In a meet-up with the Sunday Independent, the four sisters were joined by Connie's husband Paul Cooley (67), a retired quartermaster sergeant who served six military tours in Lebanon, and Martina's husband John McCrossan (57), a retired quartermaster sergeant who served nine tours in Lebanon.

They know too well it is the families who lost loved ones who paid the highest price for peace.

The sisters grew up in an extraordinary Irish military family. Their father, John Toby O'Brien, a sergeant in the military police, saw six of his seven sons join the army.

Five of his nine daughters married Irish soldiers. Seven of his grandchildren became soldiers and his great-granddaughter Chaz O'Neill is one of the army's youngest soldiers.

The news of Willie's death came as a devastating blow to the family. Willie's wife Mary was pregnant with their second child.

Their son Eric was three years old. Five months after Willie's death, his son Liam was born.

Willie's sister Martina (54) said several letters and Christmas cards written by Willie to members of his family arrived after his death.

Martina said a letter she received from him is stained with her tears.

The four sisters recalled happy memories of their brother, who was a stylish dresser growing up. He had been a big fan of the Bay City Rollers pop group and would wear the band's trademark tartan-denim trousers.

He was also a fan of rock group Slade whose big hit was Merry Xmas Everyone. Willie was killed as the 1986 Christmas season was getting into full swing.

His sister Geraldine (58) said it was heart-rending when she would hear the song being played. Whenever she hears it, she says to herself: "That's Willie's song."

Pauline said her husband Peter, a farmer's son from Gortletteragh, Co Leitrim, was a loving husband and a wonderful father to their four children.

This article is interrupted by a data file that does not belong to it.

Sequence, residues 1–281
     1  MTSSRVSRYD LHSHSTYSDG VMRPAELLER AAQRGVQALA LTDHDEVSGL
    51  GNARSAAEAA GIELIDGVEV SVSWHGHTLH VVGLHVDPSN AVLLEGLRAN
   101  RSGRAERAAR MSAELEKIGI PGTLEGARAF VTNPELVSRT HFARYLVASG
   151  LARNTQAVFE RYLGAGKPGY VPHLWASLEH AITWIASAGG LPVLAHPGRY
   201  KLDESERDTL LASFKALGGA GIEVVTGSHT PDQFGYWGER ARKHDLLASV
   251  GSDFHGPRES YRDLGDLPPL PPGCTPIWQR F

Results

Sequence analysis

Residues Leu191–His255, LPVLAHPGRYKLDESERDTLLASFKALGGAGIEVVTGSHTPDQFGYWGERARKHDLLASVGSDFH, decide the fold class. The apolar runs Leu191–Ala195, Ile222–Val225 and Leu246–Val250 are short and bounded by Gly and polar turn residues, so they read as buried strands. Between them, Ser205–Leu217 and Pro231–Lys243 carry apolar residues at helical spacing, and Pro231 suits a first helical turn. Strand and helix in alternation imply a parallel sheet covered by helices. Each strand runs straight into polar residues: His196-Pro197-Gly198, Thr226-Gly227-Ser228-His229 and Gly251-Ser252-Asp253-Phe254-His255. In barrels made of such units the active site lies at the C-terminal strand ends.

Their twins Emma and Louise were aged eight, Martin was five and Kim three when their father was killed.

Martin later followed in his father's footsteps when he, too, travelled to Lebanon as an Irish soldier.

Peter was a good-humoured man with a lovely 'devil-may-care' attitude.

He was super-fit and an All-Army boxing champion.

She remembered when their twins were born, Peter ran all the way from the hospital in Ballinasloe to Athlone, 18 miles away, dressed in his civilian clothes in the early hours of the morning, to give her parents the good news.

"Peter was killed 13 days before he was due to come home," said Pauline.

"On the day I got the news, I saw the priest and an officer come to my porch door and I knew what must have happened. I just screamed. And the kids screamed," she said.

Later, the suitcase Derek had packed was sent home. It contained a gold pendant for Pauline with one half of a heart while the other half of the heart was to be worn by Derek as a symbol of their 'forever love'.

The suitcase also held a teddy bear which their daughter Emma still treasures a quarter of a century later. She called it 'Pete'.

Years after the deaths of Willie and Peter, several family members joined the relatives of other Irish UN casualties to lay wreaths at a monument in Lebanon to the Irish fallen.

The monument contains dozens of names.

Veteran Paul Cooley said: "Pop stars and footballers are treated as heroes.

"But these Irish lads were real heroes who laid down their lives for peace in the world."

Pauline is proud of a framed citation accompanying medals awarded posthumously to her husband by the Lebanese authorities.

It acknowledged the debt owed to the Irish families of the fallen.

Referring to Corporal Ward's death, it states: "This act of noble sacrifice remains as a symbol of strength for the people of Lebanon who continue their pursuit of peace and normality.

"The family of Corporal Peter Ward must bear honour through these awards for they paid the highest price for peace."

A commemoration ceremony will be held today at 3pm at a monument to soldiers, who died on United Nations missions in countries around the world, at Coosan Cemetery, Athlone. National commemorations will be held on June 24.

Sunday Independent